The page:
In Tamil, the term Surulappam means rolled (or curled) flat fried bread. In this case, the bread happens to be a pancake. It also has a sweet stuffing of fresh coconut, sugar, and freshly crushed cardamom, which gives it the most exquisite taste and flavour.
My mother used to cook surulappam for breakfast, and I used to long for those breakfasts because they were that delicious! But she used only water to prepare the batter, almost like the French crêpes, which I found to be a bit chewy. Later on when I began to make them myself, I added milk and baking powder to give the surulappams a soft and fluffy texture.
While the Western world serves crêpes as dessert, we serve them only as breakfast or snacks.
The surulappam is a high energy and medium protein vegetarian breakfast item. The high energy is provided by the sugar and the maida used. Therefore diabetics should avoid eating surulappam with this coconut stuffing. The milk added to make the batter furnishes a very high quality protein. The coconut also provides energy, which is not significant at the amount used and compared to the sugar.
- 2 C Maida (Plain/Refined Wheat Flour)
- ½ tsp Baking Powder
- ½ tsp Salt
- 600 ml Milk
- 1 T Ghee (Clarified Butter) or Vegetable Oil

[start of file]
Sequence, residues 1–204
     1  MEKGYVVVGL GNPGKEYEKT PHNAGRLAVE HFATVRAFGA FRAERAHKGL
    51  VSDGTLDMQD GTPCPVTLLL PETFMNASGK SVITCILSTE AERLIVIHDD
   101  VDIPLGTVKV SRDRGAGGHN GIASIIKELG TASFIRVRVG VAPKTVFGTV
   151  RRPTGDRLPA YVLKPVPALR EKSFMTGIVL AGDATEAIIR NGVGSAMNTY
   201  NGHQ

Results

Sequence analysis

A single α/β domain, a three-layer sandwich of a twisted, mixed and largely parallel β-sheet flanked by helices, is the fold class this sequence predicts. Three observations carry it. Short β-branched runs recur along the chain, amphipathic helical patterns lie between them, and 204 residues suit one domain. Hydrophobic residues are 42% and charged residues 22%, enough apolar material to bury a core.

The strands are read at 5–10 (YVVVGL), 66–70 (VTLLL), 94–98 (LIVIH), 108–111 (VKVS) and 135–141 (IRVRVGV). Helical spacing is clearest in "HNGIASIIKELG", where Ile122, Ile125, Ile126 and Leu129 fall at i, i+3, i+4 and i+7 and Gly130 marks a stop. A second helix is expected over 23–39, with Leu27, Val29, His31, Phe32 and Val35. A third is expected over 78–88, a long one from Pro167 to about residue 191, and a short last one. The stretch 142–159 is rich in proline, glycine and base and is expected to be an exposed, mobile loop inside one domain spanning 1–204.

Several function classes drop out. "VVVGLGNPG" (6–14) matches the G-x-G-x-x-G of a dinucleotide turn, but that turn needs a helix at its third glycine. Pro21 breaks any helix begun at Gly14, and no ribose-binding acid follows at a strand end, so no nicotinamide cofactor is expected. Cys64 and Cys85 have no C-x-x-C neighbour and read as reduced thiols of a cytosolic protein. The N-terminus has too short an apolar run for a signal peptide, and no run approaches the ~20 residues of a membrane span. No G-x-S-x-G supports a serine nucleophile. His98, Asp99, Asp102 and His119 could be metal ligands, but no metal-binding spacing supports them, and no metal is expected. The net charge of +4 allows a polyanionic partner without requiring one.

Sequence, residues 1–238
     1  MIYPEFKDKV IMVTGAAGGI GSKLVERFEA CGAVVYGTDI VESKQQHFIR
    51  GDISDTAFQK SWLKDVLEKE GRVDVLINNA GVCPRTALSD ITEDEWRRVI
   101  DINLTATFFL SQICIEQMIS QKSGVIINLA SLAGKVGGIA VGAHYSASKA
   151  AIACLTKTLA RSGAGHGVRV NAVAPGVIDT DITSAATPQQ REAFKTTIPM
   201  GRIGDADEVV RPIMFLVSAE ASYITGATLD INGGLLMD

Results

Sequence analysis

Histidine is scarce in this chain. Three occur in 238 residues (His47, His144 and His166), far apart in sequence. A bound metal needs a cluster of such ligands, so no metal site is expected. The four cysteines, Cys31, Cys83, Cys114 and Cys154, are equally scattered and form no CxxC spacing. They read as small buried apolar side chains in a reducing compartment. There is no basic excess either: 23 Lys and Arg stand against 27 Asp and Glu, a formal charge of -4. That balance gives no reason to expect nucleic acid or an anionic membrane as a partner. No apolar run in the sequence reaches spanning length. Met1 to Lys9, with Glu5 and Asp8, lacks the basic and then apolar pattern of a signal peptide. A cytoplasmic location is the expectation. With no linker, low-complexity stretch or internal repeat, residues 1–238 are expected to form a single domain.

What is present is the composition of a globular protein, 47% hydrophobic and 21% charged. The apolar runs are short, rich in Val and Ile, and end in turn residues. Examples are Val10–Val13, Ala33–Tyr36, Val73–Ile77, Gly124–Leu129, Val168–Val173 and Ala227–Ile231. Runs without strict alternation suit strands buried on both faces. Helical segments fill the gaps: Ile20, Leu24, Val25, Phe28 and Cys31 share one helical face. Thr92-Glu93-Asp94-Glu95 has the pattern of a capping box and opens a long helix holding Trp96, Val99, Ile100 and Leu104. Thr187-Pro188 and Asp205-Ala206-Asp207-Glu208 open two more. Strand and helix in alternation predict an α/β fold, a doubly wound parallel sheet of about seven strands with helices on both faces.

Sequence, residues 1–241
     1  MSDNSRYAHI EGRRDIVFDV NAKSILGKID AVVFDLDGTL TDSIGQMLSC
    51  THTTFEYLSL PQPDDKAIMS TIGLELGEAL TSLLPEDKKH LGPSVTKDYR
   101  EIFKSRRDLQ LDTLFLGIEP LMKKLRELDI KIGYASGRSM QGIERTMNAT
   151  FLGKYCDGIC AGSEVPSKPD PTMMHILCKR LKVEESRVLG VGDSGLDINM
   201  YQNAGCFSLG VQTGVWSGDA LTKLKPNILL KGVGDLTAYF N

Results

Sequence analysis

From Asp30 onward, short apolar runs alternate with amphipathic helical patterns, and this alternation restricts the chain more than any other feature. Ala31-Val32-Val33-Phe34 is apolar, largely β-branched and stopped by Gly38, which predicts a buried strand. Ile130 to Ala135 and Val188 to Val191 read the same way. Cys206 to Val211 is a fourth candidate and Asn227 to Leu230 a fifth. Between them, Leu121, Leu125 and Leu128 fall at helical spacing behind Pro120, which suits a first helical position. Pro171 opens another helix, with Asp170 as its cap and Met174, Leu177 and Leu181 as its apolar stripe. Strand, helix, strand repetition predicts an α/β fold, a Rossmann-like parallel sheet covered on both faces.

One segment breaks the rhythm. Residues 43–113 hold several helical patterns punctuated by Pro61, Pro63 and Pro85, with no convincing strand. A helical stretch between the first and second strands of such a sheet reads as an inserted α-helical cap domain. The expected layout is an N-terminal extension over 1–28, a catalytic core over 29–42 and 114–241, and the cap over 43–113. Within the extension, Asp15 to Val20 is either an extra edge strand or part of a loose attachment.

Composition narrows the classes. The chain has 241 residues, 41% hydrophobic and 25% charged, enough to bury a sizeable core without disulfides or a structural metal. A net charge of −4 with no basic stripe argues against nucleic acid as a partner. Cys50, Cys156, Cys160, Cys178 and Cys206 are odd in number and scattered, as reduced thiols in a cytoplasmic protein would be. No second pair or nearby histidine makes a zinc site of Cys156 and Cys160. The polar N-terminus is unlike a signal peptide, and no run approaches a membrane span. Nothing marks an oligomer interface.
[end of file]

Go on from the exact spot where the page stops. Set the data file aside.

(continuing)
For the stuffing
- 1 C fresh Coconut scrapings
- 3 T Sugar, or to taste
- 3 Green Cardamoms, freshly powdered
- Sift the flour and the baking powder into a large bowl. Add salt.
- Make a well in the centre and pour a little of the milk.
- Mix with a wire whisk. Repeat with the rest of the milk till a smooth batter is obtained.
- Allow it to rest.
- Mix the coconut scrapings, sugar, and the powdered cardamom.
- Heat a non-stick skillet. Pour 1/3 C of the batter and swirl the skillet so that it covers the entire surface of the skillet.
- Turn down the heat and allow to cook till the surface becomes dry.
- Dot the surface with a few drops of ghee.
- Turn the pancake over and allow to cook till light gold flecks appear.
- Turn the pancake over again. Place on it 1-1 ½ T of the coconut stuffing.
- Fold one side of the pancake over the stuffing, then the other.
- Turn over the surulappam (folded pancake) and allow to cook for 3 seconds.
- Remove and place on a serving plate.
- I prefer to make the pancake in a non-stick skillet so that a very small amount of ghee/oil can be used.
- Do not spread the batter on the skillet using a ladle like you would do for a dosai. The texture of the pancake will not be even.
- I turn the surulappam over and cook for a few seconds so that the extra heat applied will dissolve the sugar in the moisture of the coconut and a syrup will be formed which improves the taste.
- Instead of the cardamom power available in the stores, I use freshly crushed cardamom, which gives a strong and exquisite flavour.